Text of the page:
Many Americans worry about the food coma or the extra calories from that green Jello stuff or slab of pumpkin pie on Thanksgiving Day. Put down the extra glass of wine and save yourself about 200 calories. If you drink a glass of wine before dinner, another glass with dinner and a sweet wine for dessert, that’s more than 400 calories in addition to the meal. If three beers help that dry turkey seem more palatable, that will add an extra 450 calories to the diet.
Alcoholic beverages are considered “food” because they do have calories, but they are mostly empty calories, contributing to the waistline more than they contribute to energy or overall health. The 2007-2010 survey found that on average, 100 calories came from alcoholic drinks.
Pilsener or lager beer usually comes in at around 148 calories in 12 ounces. Drinking light beer, offers about a third fewer, at around 99 calories per 12 ounces. Dry wine contains fewer calories than sweet: 106 calories for five ounces of dry wine and champagnes… double it for five ounces of sweeter wines. If you drink a glass of wine before dinner, another glass with dinner and a sweet wine for dessert, that’s more than 400 calories in addition to the meal.
Liquor calories depend on the proof for whiskey, tequila, gin, rum and vodka. Eighty proof contains 97 calories per shot (1.5 ounces). One hundred proof has 124 calories. How you mix the hard liquors will add calories faster. A whiskey sour will have 122 calories and a gin and tonic has 171 calories, a pina colada, 262 calories, and a large margarita can have as many as 400 calories.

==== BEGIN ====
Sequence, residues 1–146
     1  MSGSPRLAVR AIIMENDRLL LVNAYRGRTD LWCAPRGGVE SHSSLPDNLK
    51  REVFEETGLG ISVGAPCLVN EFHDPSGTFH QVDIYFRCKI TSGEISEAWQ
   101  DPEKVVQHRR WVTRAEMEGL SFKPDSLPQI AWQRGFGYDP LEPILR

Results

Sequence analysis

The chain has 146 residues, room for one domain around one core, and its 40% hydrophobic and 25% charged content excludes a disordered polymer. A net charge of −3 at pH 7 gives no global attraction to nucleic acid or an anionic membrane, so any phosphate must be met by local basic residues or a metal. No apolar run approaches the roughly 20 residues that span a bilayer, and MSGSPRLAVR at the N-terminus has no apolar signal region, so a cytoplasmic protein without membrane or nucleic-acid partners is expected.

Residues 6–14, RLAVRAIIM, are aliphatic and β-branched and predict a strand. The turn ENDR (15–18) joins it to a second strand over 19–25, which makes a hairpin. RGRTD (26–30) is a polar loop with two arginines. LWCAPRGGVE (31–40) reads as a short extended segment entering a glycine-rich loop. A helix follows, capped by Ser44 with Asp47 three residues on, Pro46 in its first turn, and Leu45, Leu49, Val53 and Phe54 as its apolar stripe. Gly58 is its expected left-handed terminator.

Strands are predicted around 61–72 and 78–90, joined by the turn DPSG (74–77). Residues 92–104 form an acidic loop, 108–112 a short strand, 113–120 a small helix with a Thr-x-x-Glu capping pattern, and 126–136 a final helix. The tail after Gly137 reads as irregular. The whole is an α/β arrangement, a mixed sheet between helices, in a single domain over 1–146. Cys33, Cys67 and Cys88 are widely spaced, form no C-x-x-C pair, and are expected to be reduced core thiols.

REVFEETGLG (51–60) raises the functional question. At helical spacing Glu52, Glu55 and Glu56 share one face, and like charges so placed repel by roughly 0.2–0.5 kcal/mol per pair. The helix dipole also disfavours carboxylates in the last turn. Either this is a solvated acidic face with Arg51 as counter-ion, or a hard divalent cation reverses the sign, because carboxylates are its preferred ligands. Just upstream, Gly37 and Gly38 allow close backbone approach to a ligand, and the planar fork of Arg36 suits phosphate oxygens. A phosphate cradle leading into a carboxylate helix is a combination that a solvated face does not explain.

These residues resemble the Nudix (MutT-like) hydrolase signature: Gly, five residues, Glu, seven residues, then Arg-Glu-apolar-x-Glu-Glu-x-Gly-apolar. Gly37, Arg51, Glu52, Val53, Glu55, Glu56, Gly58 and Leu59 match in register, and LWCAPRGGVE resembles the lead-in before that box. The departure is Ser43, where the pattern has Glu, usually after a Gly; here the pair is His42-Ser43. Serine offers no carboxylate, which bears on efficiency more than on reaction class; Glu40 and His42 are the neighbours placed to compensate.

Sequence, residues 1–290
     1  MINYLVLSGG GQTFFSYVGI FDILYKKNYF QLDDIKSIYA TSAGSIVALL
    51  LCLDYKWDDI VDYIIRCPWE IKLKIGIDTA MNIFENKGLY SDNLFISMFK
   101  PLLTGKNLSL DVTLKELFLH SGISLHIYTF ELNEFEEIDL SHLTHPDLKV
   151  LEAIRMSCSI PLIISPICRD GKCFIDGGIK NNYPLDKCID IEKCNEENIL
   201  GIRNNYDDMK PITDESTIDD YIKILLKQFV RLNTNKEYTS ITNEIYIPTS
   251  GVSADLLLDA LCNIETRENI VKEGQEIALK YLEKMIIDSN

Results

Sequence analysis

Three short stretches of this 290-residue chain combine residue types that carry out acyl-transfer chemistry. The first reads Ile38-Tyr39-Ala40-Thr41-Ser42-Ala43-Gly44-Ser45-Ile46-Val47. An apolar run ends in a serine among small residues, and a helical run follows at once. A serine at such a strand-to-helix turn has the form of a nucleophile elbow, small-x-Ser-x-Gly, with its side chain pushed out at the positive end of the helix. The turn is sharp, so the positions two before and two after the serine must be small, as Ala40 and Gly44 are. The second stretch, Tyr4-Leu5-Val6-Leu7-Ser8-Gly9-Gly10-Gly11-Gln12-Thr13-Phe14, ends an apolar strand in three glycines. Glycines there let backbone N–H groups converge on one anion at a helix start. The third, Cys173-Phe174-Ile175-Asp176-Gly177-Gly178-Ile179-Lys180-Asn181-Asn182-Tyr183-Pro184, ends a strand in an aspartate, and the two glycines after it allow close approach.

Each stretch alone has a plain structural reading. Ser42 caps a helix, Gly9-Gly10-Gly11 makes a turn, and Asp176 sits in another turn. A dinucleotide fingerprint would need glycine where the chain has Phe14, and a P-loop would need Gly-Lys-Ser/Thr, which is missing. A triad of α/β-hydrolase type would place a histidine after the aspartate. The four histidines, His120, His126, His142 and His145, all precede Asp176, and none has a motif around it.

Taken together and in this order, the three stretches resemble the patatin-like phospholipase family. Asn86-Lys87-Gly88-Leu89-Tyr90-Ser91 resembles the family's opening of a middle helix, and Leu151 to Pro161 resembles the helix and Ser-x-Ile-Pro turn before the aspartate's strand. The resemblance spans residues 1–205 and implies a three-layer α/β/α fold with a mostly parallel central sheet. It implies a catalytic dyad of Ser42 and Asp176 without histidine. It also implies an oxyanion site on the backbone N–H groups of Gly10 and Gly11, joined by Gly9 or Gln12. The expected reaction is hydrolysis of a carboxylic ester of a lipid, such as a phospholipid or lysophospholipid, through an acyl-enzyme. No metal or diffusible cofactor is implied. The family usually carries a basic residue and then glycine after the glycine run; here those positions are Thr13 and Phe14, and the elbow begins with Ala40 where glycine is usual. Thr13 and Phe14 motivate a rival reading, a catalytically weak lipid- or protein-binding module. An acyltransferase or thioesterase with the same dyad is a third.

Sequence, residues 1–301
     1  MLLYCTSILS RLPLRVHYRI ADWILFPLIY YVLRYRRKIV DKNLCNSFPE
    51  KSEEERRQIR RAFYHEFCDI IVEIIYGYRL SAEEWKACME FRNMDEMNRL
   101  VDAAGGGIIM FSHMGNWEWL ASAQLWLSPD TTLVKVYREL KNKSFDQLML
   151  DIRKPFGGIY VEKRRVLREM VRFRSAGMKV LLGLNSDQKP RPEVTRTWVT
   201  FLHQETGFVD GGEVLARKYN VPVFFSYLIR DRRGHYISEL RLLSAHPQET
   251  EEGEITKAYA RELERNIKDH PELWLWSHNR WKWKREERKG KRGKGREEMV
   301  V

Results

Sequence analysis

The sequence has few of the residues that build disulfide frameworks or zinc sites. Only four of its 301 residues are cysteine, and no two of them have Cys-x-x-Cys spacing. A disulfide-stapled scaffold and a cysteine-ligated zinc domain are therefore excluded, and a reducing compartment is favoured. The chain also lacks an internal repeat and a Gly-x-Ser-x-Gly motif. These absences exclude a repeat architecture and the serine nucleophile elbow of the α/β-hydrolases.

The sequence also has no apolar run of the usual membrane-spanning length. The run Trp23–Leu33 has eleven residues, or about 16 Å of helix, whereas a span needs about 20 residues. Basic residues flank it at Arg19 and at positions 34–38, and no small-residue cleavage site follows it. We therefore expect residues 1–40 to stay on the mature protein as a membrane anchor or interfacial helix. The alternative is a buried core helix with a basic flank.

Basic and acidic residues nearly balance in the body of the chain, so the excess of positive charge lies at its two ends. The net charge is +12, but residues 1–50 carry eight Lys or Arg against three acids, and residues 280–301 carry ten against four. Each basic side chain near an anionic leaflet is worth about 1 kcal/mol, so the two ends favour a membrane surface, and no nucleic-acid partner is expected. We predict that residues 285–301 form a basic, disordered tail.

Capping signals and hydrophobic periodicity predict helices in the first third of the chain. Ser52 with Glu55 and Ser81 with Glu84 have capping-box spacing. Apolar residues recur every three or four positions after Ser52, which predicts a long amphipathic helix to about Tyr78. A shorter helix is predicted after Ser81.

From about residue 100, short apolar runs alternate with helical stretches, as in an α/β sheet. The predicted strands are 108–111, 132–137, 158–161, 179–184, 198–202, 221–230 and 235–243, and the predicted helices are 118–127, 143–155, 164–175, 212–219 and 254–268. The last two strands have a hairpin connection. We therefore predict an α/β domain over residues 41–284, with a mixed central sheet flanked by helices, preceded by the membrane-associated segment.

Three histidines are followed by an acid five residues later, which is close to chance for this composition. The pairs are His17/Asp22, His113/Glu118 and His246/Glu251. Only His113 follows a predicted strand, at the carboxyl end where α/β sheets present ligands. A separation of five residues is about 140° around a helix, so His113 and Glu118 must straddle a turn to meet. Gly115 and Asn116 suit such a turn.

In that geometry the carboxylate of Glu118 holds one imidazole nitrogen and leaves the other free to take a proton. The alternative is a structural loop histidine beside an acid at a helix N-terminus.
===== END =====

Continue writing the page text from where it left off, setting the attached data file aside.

However, by avoiding the alcohol for the holiday gathering, hosts and hostesses do their guests an additional favor aside from helping them manage their waistlines. Alcohol usage spikes throughout the holiday season and so do alcohol-related traffic crashes. Nine of 10 drinking and driving incidents happen after drinking with family, friends or co-workers – common during the holidays. “There is almost always somebody around who could be part of the solution,” says DrinkingAndDriving.org.
An average of 45 motorists die in drinking and driving crashes each day between Thanksgiving and New Year’s. According to the National Highway Traffic Safety Administration, Thanksgiving Day is considered second only to New Year’s when it comes to traffic deaths. Drinking violations increase an average of 54 percent on Thanksgiving. (See related examiner article)
Alcohol use among adults is not the only issue around Thanksgiving Day. Indiana University indicates some grown-ups may feel inclined to “bend the rules” when it comes to minors and drinking alcohol. Adults, including visitors to the home such as uncles, grandparents and older cousins, may bend youth alcohol prohibitions during the holiday season as a treat or gesture of affection setting up a dangerous precedent for future use, with or without parental supervision.